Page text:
A porn-again debate

A proliferation of pornography on the Internet has set up a debate about the impact on young women: is in-your-face sexuality empowering, allowing girls to act like boys, or does today's hyper-sexualized society lead to more mental-health disorders for girls?

The consumer Internet usage tracker, comScore Media Metrix, reports that more than one-third of American Internet users visited sites in the "adult" category in April 2007.

One of the Web's less admirable accomplishments is that it has allowed porn to propagate to a point once thought not imaginable. In the 1950s, could one in three Americans have visited a pornography shop?

Remember those photographs of men hiding their faces behind folded newspapers as they entered or exited such distinguished joints? Of course, it would have been unfeasible back then to have one-third of Americans routinely trafficking through them. But now pornography is accessible in your house, on your street, from the local Internet cafe, etc. To wit, it's wildly more accessible than it used to be. That doesn't mean it's good.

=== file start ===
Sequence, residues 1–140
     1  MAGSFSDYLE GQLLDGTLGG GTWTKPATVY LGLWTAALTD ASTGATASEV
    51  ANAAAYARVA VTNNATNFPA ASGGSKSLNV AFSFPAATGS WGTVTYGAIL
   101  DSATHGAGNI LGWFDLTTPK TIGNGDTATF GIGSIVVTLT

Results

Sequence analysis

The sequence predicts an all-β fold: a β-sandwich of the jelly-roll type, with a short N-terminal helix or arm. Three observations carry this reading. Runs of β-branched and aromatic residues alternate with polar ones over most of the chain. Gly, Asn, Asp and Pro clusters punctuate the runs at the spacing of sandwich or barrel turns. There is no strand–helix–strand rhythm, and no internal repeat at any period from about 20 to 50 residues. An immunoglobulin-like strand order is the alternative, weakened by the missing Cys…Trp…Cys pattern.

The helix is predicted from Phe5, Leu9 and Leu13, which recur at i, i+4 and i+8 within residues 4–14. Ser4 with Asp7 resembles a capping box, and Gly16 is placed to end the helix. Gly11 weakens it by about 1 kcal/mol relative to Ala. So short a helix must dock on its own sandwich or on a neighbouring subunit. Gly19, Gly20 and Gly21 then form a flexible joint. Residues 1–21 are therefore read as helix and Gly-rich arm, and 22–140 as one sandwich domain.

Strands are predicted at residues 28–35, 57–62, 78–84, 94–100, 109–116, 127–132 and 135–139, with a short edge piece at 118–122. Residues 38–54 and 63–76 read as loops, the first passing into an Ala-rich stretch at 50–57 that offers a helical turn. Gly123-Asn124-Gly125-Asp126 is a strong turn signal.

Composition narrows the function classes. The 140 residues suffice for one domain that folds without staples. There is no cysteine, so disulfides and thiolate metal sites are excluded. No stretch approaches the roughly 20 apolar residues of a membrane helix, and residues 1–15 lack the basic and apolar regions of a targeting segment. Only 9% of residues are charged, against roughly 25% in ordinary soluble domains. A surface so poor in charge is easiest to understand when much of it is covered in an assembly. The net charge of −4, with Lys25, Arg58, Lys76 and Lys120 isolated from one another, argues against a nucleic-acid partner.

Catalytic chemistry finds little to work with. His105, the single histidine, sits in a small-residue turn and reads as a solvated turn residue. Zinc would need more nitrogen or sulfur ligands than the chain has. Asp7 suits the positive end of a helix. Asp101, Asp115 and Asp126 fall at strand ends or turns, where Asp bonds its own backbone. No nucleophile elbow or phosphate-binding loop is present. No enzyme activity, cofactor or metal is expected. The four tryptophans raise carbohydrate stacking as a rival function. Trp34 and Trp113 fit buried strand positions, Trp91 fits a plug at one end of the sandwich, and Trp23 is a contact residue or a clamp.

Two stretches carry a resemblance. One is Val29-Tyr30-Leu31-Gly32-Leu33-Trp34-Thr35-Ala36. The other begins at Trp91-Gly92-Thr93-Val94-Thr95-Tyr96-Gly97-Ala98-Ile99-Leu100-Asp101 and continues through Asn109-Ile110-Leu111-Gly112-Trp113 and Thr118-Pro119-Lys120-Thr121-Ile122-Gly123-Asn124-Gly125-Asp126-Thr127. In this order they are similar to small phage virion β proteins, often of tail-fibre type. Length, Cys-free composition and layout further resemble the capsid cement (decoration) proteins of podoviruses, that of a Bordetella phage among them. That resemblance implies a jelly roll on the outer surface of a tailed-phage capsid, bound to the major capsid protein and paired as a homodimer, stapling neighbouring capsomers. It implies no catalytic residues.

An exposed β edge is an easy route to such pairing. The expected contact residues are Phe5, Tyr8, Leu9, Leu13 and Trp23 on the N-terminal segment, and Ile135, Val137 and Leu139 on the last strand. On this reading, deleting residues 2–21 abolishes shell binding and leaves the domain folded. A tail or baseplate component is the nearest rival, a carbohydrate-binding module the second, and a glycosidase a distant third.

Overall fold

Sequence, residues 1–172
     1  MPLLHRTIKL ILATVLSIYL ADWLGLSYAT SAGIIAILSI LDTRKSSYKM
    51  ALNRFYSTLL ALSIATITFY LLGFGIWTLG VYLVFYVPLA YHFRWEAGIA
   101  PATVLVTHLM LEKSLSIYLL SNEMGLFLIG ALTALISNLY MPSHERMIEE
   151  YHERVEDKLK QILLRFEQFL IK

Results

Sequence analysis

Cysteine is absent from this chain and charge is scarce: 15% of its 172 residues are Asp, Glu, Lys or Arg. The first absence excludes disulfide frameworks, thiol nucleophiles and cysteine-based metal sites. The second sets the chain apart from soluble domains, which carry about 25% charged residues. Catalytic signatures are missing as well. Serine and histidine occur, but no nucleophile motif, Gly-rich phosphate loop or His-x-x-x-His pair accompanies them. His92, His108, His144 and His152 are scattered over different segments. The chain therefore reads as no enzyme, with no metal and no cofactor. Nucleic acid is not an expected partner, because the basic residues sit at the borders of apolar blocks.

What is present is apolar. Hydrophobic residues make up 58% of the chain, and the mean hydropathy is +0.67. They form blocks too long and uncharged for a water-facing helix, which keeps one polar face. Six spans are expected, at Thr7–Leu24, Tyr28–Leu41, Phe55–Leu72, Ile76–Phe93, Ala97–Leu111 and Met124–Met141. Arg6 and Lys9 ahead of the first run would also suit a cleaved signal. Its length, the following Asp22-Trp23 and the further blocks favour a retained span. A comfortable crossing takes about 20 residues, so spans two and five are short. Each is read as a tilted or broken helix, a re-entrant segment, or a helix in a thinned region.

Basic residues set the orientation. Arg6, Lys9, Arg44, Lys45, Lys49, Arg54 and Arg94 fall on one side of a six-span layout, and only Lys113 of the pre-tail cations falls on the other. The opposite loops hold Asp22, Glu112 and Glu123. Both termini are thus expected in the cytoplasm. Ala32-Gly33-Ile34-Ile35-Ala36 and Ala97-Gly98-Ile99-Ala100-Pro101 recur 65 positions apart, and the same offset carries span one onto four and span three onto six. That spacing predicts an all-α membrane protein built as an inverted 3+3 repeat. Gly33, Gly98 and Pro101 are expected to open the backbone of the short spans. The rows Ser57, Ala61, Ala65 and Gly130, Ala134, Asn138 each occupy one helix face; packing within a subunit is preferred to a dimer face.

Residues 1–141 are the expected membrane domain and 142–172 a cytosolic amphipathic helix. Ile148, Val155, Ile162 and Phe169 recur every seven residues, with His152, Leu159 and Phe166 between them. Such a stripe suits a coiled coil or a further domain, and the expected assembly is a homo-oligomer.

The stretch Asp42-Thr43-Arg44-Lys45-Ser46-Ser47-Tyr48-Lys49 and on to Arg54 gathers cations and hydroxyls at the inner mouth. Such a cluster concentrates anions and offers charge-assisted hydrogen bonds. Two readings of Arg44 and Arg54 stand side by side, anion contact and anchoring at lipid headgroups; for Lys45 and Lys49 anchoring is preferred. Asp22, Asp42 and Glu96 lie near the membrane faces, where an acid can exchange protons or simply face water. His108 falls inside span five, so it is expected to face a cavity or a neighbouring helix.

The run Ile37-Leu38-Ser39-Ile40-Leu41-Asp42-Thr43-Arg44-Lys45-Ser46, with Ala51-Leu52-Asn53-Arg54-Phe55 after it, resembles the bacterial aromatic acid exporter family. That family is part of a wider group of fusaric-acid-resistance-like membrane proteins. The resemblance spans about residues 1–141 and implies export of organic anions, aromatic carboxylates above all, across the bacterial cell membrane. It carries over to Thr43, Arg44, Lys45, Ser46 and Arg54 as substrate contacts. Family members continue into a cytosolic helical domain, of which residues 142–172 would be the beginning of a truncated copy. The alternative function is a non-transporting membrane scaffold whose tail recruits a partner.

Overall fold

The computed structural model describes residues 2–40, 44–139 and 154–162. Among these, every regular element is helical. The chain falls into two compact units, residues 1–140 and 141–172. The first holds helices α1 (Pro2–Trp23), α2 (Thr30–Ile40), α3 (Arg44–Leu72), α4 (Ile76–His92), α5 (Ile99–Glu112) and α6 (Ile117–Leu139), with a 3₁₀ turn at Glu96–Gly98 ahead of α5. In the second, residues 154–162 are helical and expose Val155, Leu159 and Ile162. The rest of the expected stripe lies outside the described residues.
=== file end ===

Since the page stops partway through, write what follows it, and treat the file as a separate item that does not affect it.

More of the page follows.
And porn abounds off the Net as well. I recall recently recoiling at a soft-porn scene in the Oscar-winning movie, "The Last King of Scotland," when I thought I had bought a ticket to see something more staid. Pornography and its softer sister (soft-core porn) abound in advertisements, on billboards and elsewhere. Critics say hyper-sexuality on and off the Internet has created a society obsessed with sexual exhibition and its attention-getting after-effect.

These after-effects, however, are anything but liberating for women, particularly for the young women claiming its mantra as something that empowers them. If you're wondering what I'm talking about, a visit to nakednews.com will explain all. The site was recently written up in USA Today. Some young women who take part in on-camera nudity and soft porn told the newspaper they find such behavior liberating and empowering. But a recent American Psychological Association study shows that sexualized images of women can lead to emotional and mental disorders in girls, including depression and eating disorders. Quelle surprise!!